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Mark 15:14

ESV And Pilate said to them, “Why? What evil has he done?” But they shouted all the more, “Crucify him.”
NIV Why? What crime has he committed?' asked Pilate. But they shouted all the louder, 'Crucify him!'
NASB But Pilate said to them, 'Why, what evil has He done?' But they shouted all the more, 'Crucify Him!'
CSB Pilate said to them, "Why? What has he done wrong? "But they shouted all the more, "Crucify him! "
NLT Why?' Pilate demanded. 'What crime has he committed?' But the mob roared even louder, 'Crucify him!'
KJV Then Pilate said unto them, Why, what evil hath he done? And they cried out the more exceedingly, Crucify him.

What does Mark 15:14 mean?

Pilate's question is significant. Jesus has cowered the chief priests (Mark 11:27–33), threatened the elders' financial interests (Mark 11:15–19), embarrassed the Sadducees (Mark 12:18–27), and shamed the Pharisees (Matthew 23:1–36). He even affirmed Caesar's authority (Mark 12:13–17). Despite what the Jewish leaders claim, Jesus has not disrespected Caesar, planned a rebellion, or caused any political unrest. Even when Jews tried to make Him king, He slipped from their grasp (John 6:15).

The accusation that most condemns Jesus by the Mosaic law is the issue the Jews didn't think Pilate would be interested in—but it's actually the claim which scares Pilate the most. When Pilate sarcastically dares the Jews to crucify Jesus, themselves, they finally reveal their religious motivation: "We have a law, and according to that law he ought to die because he has made himself the Son of God" (John 19:7). To the monotheistic Jews, this is a clear case of blasphemy (Mark 14:61–64).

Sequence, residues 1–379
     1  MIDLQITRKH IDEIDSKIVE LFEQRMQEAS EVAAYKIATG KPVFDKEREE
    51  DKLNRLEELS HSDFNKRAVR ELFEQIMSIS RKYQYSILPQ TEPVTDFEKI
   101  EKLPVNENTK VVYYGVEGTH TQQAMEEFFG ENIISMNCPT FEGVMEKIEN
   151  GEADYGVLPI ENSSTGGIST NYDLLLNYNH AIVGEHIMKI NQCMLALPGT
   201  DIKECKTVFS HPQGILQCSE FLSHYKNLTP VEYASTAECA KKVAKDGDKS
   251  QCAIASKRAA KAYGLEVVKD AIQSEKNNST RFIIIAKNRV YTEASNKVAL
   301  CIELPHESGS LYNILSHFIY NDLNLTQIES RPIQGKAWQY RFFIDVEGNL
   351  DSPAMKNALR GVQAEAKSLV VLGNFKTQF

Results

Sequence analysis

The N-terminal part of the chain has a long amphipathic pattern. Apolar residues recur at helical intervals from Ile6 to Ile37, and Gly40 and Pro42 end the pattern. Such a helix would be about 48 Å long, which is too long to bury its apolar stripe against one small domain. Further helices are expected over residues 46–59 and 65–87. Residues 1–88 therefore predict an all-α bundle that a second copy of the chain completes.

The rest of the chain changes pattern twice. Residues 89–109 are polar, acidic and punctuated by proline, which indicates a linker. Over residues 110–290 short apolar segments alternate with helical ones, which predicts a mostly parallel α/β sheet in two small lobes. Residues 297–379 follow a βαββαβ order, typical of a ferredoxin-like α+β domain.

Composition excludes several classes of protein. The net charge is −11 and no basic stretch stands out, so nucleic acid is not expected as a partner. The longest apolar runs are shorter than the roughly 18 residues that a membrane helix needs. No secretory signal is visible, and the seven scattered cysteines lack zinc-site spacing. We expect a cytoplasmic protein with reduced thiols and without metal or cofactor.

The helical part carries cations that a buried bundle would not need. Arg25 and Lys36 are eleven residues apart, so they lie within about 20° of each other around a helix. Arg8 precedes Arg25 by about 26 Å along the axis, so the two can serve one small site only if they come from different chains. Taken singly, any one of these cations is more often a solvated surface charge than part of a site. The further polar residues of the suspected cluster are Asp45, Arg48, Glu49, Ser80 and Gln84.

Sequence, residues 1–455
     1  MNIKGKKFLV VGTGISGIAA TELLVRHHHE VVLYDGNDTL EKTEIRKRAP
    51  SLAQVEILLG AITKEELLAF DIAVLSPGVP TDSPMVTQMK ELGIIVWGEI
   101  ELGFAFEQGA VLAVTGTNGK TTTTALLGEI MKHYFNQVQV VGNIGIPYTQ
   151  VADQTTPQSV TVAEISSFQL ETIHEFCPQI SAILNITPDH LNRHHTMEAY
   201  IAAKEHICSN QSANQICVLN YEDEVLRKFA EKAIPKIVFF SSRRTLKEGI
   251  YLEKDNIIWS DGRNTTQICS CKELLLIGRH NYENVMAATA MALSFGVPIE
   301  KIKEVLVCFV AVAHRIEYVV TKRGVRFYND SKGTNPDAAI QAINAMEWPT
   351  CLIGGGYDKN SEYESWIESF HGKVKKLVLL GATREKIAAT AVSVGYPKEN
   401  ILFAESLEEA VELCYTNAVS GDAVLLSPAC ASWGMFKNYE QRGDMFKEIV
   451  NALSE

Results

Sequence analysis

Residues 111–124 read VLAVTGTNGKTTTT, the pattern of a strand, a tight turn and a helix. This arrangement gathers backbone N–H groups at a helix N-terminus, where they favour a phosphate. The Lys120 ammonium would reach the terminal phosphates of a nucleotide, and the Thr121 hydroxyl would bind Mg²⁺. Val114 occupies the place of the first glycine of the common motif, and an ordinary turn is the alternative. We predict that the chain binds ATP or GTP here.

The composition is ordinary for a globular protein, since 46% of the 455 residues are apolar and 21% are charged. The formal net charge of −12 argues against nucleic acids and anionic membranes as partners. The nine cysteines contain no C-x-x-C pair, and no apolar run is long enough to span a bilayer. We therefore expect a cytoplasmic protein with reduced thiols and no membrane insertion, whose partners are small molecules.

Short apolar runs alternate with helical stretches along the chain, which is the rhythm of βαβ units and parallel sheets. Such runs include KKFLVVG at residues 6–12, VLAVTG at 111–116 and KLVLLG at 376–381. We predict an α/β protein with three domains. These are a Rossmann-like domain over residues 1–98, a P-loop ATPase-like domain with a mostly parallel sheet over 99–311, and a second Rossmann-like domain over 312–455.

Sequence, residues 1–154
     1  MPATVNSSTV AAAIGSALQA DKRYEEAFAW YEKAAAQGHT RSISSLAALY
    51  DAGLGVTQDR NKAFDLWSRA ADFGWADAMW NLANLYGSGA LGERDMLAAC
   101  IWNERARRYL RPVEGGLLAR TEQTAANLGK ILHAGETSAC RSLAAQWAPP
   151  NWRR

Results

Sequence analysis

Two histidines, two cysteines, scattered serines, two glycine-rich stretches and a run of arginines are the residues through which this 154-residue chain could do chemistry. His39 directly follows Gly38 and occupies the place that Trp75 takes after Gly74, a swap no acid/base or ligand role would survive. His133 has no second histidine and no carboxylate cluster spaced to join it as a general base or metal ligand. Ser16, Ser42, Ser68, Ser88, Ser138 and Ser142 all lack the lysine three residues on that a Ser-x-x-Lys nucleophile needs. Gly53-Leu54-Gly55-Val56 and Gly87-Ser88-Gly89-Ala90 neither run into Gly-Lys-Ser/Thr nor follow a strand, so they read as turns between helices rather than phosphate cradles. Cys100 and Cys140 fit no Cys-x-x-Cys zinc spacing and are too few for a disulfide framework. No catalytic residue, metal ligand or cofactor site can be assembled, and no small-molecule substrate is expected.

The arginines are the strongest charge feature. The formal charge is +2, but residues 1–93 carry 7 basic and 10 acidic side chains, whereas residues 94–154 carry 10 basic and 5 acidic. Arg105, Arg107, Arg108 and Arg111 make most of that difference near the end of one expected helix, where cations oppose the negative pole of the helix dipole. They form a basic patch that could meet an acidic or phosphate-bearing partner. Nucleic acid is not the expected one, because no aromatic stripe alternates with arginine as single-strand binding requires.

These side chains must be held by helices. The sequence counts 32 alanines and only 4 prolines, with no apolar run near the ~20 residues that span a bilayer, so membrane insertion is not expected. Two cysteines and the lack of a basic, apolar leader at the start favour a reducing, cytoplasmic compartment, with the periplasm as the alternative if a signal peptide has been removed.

This presents another wrinkle to Pilate's judgment. The polytheistic Romans believe the emperor is a god and gods come to earth and impregnate human women. So, as interpreted in Pilate's Greco-Roman worldview, the "son of [a] god" claim is very possible, and it scares him (John 19:8). Upon Jesus' death, the centurion affirms Pilate's fear, saying, "Truly this man was the Son of God!" (Mark 15:39).

But more than the legal and logical conundrums, Pilate's question is imperative for the legitimacy of the gospel. Jesus did nothing to deserve death, and that is why He is the perfect sacrifice for our own death-deserving sins.

Despite Pilate's clear reluctance to crucify Jesus, he is not a "nice" man by any definition. After he used money dedicated to the temple to build aqueducts, a group of Jews peacefully confronted him, holding a kind of sit-in for a week. When he finally came to speak to them, he posted soldiers in the ranks of the Jews, their armor covered. At a signal, the soldiers drew clubs and knives and beat the protestors. Some died from the beatings while others were trampled. This is one of several times Pilate showed his cruelty to his subjects.

Some time after the sham trial of Jesus, Pilate will be removed from rule when he massacres a group of Samaritans. They had been tricked into thinking they were digging up sacred artifacts left by Moses. The gathering didn't have anything to do with a rebellion, but Pilate sent his army to chase down the group and kill those they could catch.

Overly aggressive or not, Pilate is willing and able to confront the slightest challenge to his authority. He knows Jesus is no threat.
What is the Gospel?
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